This paper is a comparative critical discourse analysis of Chinese and British insurance contracts. It analyses the similarities and differences in the identities that emerge from the situatedness of the insured and the insurer in the contracts in order to determine the extent to which the sociocultural context within which the texts were conceived shape the texts. The study draws on the positioning theory and the notions of situated identity/situated meaning and is informed by analytic tools within critical discourse analysis. It found that in both the Chinese and British contracts, the insurer is linguistically and discursively situated as a powerful and resourceful ‘regulator’ (i.e. an active force) whereas the insured is mostly constructed in subjective and somewhat ‘weak/vulnerable’ terms. This similarity notwithstanding, the study found differences in terms of the kind of power relation, the level of formality or social distance and the dominant type of language evident in the two contracts. The Chinese contract was found to display a much stronger power relation and a more highly/strictly level of formality than the British contract. And whereas the Chinese contract was predominantly couched in very legal terms, the British contract had a more business-oriented focus. These differences demonstrate how (insurance) discourse may be shaped by the social and cultural contexts in which it is conceived and, possibly, sculpt the identities of all those addressed.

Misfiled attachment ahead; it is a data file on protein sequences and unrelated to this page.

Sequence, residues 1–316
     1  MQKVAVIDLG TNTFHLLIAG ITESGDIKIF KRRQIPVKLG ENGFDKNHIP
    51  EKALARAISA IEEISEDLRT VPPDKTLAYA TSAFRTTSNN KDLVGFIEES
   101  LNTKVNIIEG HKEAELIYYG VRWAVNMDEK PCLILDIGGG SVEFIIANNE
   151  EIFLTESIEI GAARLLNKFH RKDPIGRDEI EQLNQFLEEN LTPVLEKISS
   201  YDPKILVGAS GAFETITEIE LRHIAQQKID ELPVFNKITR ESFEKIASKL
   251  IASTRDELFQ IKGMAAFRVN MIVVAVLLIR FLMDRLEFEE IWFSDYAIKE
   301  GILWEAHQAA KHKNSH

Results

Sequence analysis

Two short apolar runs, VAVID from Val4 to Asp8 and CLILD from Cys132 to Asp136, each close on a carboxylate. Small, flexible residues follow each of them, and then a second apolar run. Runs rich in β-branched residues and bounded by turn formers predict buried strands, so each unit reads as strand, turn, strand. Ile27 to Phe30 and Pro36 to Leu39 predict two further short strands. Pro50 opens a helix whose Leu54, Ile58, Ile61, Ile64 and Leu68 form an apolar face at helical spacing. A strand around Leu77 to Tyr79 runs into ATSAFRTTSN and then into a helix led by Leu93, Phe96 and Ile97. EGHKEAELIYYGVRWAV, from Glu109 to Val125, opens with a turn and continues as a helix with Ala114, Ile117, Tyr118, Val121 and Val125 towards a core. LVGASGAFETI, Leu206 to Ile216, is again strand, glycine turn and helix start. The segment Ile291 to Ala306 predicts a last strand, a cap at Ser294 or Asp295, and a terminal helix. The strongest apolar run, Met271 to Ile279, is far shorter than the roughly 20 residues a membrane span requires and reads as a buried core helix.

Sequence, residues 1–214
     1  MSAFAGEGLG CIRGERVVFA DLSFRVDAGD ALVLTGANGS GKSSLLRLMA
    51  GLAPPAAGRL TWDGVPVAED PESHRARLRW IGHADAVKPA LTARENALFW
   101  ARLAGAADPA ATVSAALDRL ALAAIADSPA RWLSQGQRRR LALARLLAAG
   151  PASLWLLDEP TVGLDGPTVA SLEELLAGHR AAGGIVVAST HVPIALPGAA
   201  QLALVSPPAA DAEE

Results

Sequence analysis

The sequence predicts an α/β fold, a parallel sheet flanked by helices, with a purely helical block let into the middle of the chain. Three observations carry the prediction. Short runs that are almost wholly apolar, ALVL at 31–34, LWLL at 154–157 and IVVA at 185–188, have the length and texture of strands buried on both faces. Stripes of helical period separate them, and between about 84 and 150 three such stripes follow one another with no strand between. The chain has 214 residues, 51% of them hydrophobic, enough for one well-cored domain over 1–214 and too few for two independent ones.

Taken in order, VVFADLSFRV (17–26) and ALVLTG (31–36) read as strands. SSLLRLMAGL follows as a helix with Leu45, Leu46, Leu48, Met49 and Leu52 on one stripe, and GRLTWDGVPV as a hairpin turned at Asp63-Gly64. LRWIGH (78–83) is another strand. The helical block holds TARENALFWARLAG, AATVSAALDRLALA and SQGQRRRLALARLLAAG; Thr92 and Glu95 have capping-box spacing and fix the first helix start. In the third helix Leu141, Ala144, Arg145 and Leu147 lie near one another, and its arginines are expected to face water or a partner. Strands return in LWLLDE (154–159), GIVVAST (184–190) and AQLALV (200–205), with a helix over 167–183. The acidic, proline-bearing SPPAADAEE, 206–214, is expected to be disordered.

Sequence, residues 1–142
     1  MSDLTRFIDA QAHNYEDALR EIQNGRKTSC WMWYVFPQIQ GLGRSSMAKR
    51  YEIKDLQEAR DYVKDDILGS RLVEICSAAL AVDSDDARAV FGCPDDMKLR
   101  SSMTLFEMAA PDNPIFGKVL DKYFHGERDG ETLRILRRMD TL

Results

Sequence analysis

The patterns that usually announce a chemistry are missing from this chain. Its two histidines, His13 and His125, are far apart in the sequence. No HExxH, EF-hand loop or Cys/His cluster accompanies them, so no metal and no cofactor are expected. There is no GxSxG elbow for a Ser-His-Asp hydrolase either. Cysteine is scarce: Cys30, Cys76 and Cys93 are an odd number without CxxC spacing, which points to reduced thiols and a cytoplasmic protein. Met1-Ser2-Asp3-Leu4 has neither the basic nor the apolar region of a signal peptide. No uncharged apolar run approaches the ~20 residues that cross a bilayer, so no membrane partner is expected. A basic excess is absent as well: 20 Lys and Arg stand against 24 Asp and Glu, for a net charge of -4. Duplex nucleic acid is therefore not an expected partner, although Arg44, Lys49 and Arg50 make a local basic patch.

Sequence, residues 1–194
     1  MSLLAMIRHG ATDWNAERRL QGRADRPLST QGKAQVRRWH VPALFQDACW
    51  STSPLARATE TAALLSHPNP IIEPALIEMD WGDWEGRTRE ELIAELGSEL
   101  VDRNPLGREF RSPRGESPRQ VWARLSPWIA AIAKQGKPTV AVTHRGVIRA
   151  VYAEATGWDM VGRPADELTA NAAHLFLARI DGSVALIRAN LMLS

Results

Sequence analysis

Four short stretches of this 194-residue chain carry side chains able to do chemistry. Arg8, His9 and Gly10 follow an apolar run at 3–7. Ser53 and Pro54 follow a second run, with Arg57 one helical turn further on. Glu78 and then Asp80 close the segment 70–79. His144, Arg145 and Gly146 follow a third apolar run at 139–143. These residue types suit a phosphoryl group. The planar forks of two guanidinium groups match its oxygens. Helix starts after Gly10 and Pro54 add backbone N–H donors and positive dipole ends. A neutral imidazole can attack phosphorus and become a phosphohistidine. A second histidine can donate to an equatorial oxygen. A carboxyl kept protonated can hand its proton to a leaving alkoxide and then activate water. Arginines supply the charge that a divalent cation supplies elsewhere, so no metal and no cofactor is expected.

Keywords: Critical discourse analysis, Institutional discourse, Insurance contract, Positioning, Situated Identity.
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